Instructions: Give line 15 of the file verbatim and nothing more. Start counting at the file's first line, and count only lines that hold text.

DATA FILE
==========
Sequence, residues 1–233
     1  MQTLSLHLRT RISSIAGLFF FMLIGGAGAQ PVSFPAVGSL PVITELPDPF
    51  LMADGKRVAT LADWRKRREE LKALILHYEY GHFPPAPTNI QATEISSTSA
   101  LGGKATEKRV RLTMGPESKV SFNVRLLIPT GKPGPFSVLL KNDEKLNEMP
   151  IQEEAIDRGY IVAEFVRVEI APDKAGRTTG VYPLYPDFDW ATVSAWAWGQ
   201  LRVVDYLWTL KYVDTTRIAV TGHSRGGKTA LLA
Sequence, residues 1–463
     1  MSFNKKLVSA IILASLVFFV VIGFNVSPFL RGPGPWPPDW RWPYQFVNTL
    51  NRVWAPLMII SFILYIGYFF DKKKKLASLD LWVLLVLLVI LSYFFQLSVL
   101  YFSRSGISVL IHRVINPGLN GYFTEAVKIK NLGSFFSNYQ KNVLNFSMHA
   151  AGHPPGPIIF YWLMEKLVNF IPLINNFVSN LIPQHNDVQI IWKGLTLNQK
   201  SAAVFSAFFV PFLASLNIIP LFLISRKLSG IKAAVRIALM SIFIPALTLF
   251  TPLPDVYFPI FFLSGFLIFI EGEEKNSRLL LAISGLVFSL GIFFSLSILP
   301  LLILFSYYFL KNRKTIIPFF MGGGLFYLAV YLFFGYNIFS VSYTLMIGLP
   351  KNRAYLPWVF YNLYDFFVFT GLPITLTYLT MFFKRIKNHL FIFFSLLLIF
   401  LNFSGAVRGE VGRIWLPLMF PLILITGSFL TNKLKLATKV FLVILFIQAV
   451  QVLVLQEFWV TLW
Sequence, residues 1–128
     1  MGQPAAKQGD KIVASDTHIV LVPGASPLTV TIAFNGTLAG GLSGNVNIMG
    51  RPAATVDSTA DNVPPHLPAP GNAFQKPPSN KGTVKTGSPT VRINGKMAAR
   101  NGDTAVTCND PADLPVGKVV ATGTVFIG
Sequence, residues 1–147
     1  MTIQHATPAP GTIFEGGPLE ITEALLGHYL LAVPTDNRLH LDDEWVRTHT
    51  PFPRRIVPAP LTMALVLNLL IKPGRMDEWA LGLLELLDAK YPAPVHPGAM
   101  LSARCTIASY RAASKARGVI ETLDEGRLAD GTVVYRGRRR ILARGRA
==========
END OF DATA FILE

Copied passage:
   351  KNRAYLPWVF YNLYDFFVFT GLPITLTYLT MFFKRIKNHL FIFFSLLLIF